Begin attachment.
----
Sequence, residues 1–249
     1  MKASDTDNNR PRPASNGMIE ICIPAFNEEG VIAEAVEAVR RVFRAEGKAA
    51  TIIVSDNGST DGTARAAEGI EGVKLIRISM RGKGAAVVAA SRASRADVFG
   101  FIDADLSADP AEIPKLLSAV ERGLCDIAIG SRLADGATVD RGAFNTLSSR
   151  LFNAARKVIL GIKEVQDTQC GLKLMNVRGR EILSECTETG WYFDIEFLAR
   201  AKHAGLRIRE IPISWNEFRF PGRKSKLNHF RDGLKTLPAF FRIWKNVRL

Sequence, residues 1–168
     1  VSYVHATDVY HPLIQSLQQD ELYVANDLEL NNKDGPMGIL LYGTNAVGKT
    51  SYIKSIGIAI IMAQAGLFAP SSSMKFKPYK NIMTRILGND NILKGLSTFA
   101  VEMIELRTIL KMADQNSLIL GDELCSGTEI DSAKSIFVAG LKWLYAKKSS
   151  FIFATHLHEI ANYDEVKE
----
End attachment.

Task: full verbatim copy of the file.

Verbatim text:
Sequence, residues 1–249
     1  MKASDTDNNR PRPASNGMIE ICIPAFNEEG VIAEAVEAVR RVFRAEGKAA
    51  TIIVSDNGST DGTARAAEGI EGVKLIRISM RGKGAAVVAA SRASRADVFG
   101  FIDADLSADP AEIPKLLSAV ERGLCDIAIG SRLADGATVD RGAFNTLSSR
   151  LFNAARKVIL GIKEVQDTQC GLKLMNVRGR EILSECTETG WYFDIEFLAR
   201  AKHAGLRIRE IPISWNEFRF PGRKSKLNHF RDGLKTLPAF FRIWKNVRL

Sequence, residues 1–168
     1  VSYVHATDVY HPLIQSLQQD ELYVANDLEL NNKDGPMGIL LYGTNAVGKT
    51  SYIKSIGIAI IMAQAGLFAP SSSMKFKPYK NIMTRILGND NILKGLSTFA
   101  VEMIELRTIL KMADQNSLIL GDELCSGTEI DSAKSIFVAG LKWLYAKKSS
   151  FIFATHLHEI ANYDEVKE